Because you are Batman, you get to enjoy tinkering with all of his gadgets. His arsenal of tools include batarangs, the grapnel, and explosive gel, which are the most common items you will use throughout the game. Batman also has a line launcher for crossing gaps, a batclaw used for removing out-of-reach air duct grates (which is later upgraded to the ultra batclaw to tear down walls), and a cryptographic sequencer for accessing locked areas and defusing bombs. Outside of their intended use, most of his gadgets can also be used to perform offensive moves on enemies.
All of the goodness that springs forth from this game, however, is enhanced further by the incredible talents of the veteran voice actors who are considered to be the characters themselves: Kevin Conroy as Batman, Mark Hamill as the Joker, and Arleen Sorkin as Harley Quinn, who have been voicing these roles since the early ‘90s, starting with Batman: The Animated Series. Their magnificent performances not only give this game credibility in the Batman universe but also give the game a seal of approval. Coupled with a closed-off environment rich in atmosphere, this is truly the Batman game everyone has always wanted to exist. The game is darker than anything these cast members have performed before, which grants the Joker character permission to be more vile and sick than ever before, using a formula to turn inmates into monsters and letting Batman have a peek into his perverse mind with various TVs set up around the asylum.
But the golden triumvirate, as I call them, are far from the only people in the game. There’s also Arkham staff and security, to whom Batman speaks on a regular basis, as well as more villainous encounters, including Bane, Killer Croc, Scarecrow, and more. While most villains are treated as boss battles, the Scarecrow encounters are treated as supernatural events. The fear toxin Scarecrow uses incorporates hallucinogens, forcing Batman to enter a mental world of Scarecrow’s (or rather his own) making, full of twisted reality and skeleton combatants.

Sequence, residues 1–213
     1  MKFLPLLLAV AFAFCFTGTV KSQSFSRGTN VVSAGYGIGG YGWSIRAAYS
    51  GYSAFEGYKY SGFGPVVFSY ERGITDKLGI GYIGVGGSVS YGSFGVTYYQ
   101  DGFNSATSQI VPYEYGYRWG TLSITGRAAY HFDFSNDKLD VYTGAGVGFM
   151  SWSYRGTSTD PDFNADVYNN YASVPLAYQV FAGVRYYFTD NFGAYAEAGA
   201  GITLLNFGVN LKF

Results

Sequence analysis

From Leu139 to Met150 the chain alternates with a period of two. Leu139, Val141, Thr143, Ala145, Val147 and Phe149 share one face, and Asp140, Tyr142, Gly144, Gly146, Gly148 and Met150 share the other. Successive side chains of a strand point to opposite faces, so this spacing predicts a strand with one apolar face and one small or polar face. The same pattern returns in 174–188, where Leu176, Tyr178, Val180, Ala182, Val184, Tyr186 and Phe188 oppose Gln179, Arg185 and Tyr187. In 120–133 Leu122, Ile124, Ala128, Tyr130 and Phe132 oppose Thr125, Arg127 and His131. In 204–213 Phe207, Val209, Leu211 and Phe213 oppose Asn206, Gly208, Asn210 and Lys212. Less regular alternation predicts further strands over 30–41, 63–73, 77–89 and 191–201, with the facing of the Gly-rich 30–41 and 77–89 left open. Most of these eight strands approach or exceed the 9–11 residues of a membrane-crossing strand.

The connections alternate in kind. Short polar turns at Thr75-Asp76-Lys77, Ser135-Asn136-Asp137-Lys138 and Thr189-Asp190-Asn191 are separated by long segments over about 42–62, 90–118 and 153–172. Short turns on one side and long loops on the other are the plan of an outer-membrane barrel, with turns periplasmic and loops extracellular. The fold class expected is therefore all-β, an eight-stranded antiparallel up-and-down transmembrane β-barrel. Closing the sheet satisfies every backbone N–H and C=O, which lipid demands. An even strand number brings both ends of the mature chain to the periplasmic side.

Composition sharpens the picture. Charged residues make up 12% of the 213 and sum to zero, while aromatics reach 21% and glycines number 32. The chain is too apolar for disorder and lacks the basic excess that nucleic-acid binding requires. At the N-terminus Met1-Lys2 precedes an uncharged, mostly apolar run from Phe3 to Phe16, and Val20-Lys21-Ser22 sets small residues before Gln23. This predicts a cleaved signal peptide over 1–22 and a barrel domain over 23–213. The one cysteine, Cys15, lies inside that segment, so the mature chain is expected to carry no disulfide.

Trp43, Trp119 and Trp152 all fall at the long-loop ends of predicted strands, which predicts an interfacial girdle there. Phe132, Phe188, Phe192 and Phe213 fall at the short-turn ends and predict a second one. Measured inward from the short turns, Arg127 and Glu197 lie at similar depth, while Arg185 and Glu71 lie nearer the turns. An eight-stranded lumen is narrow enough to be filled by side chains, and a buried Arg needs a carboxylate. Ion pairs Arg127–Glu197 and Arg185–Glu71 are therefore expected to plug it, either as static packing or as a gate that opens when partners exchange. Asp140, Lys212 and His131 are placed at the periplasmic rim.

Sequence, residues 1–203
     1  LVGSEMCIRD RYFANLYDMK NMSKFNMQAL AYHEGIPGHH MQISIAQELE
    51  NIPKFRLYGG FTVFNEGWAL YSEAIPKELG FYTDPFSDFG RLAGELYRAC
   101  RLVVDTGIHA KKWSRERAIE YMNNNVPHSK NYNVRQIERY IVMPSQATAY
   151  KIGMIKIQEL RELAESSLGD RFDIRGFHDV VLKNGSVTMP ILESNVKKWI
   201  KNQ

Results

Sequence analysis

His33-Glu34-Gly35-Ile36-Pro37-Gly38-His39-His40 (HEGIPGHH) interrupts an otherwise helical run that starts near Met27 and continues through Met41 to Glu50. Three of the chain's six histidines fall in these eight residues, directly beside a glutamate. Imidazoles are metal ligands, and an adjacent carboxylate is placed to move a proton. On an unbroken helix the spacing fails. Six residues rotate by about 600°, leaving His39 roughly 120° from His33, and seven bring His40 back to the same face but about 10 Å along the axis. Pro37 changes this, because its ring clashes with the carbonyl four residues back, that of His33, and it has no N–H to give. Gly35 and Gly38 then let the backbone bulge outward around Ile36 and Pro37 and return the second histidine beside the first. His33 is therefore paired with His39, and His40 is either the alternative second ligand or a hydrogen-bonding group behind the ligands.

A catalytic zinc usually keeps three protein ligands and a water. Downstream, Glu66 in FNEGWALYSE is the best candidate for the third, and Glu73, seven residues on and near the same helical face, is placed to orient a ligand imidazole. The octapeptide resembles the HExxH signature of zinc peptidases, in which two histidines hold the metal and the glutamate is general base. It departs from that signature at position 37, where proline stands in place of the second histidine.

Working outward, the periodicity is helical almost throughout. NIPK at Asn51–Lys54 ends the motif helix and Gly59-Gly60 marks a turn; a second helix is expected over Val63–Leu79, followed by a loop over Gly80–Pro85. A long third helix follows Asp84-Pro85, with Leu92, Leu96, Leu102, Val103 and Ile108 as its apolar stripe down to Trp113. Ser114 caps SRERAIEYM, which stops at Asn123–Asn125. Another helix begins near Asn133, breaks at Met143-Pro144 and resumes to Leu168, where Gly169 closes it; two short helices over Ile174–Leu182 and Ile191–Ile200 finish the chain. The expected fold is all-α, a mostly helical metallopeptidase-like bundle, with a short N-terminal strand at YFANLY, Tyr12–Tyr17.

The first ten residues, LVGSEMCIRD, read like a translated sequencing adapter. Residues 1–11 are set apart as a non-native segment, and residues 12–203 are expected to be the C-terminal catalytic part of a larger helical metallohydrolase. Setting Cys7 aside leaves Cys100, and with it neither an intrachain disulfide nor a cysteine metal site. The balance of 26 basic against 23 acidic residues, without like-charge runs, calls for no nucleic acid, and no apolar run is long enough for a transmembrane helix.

Outside of the game itself are challenge maps you can enter in order to hone your brawler and stealth skills, teaching you how to perform various actions in various rooms in order to clear them (great for in-game play) or just letting you go nuts with beating up an endless hoarde of enemies.
However, every game has its bad side, and this one is no different. While there is nothing bad about the game per se, there are some annoying moments within the gameplay, all of which are minor—this game has no major flaws at all, so the bad elements are all nitpicks. As such, I will refrain from mentioning them.
In this game, you don’t play as Batman; you are Batman. With its engrossing story, detailed environment, and outstanding voice acting, this game is so good that it made it into the Guinness Book of World Records in 2009 for “Most Critically Acclaimed Superhero Game Ever.” This is a must have game, so if you don’t own it already, what are you waiting for? Be sure to buy the Game of the Year version so you can have extra challenge maps and, if you own the PS3 version of the game, play as the Joker, as that element is console-exclusive. Oh wait. I think I just found a major flaw…